North Carolina Foster Care Attorney

 
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You already know that fostering children can be difficult on both a practical and emotional level. Many children in the foster care system have been through traumatic experiences and may have special needs.

Considering the attention, care, and love you put into giving these foster children a safe and nurturing place to live, it is essential that you understand and protect your rights. You are best able to provide for children in need and protect them when you are not at a legal disadvantage.

To ensure you are fully informed of your rights as a foster parent, contact a family attorney from Breeden Law Office right away. Whether you are fighting to keep your foster license or to adopt a foster child, Jonathan Breeden is here to protect and fight for you and your family. Call us today at (919) 661-4970 to learn more.

The Rights of Foster Parents

When it comes to being a foster parent, you have many rights, including to be informed of:

  • All relevant information about a child you are asked to take into your home
  • All medical and psychological conditions a child may have
  • Any dangerous propensities a child may have that could harm you, your family, or your property
  • Reviews of your foster child’s legal case at least 15 days beforehand and the right to attend
  • Agency reviews regarding the child’s placement and the right to attend
  • Adoption plan reviews between 15 and 30 days beforehand and the right to attend

During reviews and meetings regarding your foster child’s situations, you not only have the right to be present, you also have the right to speak up regarding the child’s needs and best interests.

While the local Department of Social Services (DSS) and the courts have control over the situation, you are not powerless. Your first-hand knowledge and opinion can go a long way in ensuring a foster child reside in the best place for them, whether that is with their parents or your home.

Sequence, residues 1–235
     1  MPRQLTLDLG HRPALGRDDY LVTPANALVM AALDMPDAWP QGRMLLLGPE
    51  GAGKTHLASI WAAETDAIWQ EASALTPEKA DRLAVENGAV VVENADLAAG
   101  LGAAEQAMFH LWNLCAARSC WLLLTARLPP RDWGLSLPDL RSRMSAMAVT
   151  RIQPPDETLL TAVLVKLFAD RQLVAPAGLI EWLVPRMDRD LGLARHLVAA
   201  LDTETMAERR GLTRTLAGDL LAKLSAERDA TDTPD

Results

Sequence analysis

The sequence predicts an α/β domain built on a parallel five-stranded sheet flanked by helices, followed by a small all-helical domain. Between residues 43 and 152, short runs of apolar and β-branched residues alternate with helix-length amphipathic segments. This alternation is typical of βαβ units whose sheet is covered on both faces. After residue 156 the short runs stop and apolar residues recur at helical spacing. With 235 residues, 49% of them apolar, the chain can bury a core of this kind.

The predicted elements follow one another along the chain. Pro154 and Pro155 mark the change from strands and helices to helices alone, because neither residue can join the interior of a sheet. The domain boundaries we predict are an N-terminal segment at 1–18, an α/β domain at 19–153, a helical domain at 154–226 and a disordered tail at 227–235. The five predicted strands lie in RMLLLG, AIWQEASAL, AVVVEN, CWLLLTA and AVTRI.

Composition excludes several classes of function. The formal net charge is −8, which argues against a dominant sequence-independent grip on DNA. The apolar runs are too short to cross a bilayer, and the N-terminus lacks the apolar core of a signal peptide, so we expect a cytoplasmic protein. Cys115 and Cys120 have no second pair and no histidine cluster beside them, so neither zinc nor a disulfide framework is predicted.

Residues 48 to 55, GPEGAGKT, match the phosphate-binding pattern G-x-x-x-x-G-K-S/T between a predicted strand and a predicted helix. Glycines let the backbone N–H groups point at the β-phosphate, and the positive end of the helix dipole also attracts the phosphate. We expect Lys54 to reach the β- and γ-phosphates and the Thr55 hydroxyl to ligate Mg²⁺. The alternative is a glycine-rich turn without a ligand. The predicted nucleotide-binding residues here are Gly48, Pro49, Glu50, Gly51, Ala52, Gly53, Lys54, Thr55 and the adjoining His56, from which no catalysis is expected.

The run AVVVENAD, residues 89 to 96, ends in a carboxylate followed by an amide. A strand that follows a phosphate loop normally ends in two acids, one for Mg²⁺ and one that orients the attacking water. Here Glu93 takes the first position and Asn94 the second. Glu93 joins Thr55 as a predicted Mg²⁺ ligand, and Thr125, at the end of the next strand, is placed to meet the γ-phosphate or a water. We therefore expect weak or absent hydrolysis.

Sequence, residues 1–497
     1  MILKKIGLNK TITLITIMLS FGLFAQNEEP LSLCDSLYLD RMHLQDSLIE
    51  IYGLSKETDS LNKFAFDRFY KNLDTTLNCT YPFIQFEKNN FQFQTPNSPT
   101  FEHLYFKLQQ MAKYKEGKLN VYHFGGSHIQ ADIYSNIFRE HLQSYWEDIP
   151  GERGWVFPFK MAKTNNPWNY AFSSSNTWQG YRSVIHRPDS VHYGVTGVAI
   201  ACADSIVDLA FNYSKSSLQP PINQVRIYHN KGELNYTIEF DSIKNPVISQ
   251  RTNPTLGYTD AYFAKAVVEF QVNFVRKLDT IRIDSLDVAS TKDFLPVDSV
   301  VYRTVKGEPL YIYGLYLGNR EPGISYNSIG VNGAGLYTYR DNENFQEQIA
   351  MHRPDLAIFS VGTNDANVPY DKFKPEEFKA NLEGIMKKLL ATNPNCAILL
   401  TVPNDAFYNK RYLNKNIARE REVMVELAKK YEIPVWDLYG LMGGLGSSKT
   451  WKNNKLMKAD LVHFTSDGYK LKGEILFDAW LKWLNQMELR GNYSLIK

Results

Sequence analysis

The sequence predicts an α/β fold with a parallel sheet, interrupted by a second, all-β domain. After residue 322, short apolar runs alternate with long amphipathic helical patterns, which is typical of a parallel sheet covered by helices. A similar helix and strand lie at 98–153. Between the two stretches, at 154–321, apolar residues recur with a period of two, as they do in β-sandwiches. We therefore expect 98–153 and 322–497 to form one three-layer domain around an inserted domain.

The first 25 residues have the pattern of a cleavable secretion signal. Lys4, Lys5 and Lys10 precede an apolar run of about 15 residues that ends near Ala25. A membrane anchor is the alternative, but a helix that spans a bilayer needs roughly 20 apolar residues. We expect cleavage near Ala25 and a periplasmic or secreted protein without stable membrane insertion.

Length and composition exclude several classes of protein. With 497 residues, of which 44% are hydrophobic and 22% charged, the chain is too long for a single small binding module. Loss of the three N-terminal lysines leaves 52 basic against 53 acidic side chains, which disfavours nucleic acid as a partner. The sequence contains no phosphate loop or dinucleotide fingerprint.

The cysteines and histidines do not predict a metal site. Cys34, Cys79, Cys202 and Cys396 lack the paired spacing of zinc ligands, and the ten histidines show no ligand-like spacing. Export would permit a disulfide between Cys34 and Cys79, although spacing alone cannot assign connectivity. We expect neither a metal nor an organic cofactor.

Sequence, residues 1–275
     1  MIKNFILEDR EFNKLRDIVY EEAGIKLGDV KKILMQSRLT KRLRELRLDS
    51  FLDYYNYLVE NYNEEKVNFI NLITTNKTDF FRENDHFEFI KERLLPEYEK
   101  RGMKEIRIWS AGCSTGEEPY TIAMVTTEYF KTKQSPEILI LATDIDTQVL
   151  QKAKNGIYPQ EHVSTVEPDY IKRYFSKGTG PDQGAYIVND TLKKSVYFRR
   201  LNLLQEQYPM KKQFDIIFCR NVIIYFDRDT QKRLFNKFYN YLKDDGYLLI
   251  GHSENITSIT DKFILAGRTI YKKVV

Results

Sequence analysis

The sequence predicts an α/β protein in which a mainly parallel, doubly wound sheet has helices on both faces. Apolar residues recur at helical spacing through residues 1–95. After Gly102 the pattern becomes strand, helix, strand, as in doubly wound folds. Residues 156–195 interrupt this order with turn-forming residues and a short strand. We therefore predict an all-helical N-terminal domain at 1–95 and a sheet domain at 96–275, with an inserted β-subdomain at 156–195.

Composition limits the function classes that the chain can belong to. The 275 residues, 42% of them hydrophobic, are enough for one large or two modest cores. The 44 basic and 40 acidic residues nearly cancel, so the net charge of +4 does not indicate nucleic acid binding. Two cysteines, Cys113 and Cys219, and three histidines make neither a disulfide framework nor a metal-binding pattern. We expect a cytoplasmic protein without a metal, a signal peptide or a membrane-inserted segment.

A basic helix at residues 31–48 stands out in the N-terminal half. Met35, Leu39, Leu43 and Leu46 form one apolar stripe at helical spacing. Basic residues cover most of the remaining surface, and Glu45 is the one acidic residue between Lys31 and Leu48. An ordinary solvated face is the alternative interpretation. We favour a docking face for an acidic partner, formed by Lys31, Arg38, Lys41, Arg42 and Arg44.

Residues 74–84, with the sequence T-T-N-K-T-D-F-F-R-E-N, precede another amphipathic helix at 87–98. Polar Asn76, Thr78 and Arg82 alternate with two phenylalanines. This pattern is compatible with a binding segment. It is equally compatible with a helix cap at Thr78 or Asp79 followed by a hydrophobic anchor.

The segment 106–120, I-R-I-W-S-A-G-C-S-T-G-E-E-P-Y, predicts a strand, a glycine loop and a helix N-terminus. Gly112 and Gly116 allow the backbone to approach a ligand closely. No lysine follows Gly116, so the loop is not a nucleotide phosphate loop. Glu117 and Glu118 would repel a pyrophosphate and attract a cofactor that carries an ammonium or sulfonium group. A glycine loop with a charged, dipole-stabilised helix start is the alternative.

Having a North Carolina foster care attorney from Breeden Law Office by your side during any disputes can enable you to best articulate your concerns for the child and your thoughts regarding what is best for them.

Fighting for Custody of a Foster Child

As a foster parent, if you believe the child is better off in your safe, healthy, and happy home, then there are ways for you to fight for custody. DSS states that every child deserves one stable foster care placement within their own community.

DSS’s goal is to place a child in a home that fits their best interests and to not remove them from that home unless necessary. Once you have a foster child in your home, they should not be moved to a new environment or returned to their parent’s custody unless it is in their best interests.

In June 2017, North Carolina passed a new law called Ryan’s Law, named after a young child who died after being returned to his mother from foster care too soon.

Ryan’s Law is intended to prevent foster children from being returned to unfit, negligent, or abusive parents, endangering their well-being and lives. Under this new law, DSS caseworkers are required to observe foster children with their parents before recommending to a judge whether the child should go home or stay in foster care.

If you believe DSS wants to remove a child from your foster care, whether to place them in a new foster home or return the child to their parents, and you believe this decision could be detrimental or harmful to the child, call a child advocacy lawyer from Breeden Law Office immediately.

As a foster parent, you have the right to legal representation and to put forward your opinion about what is best for the child to DSS and in court. As the adult who cares for the child on a daily basis, possibly for weeks, months, or years, you may have the best insight into what this child really needs.

The Foster Care Adoption Process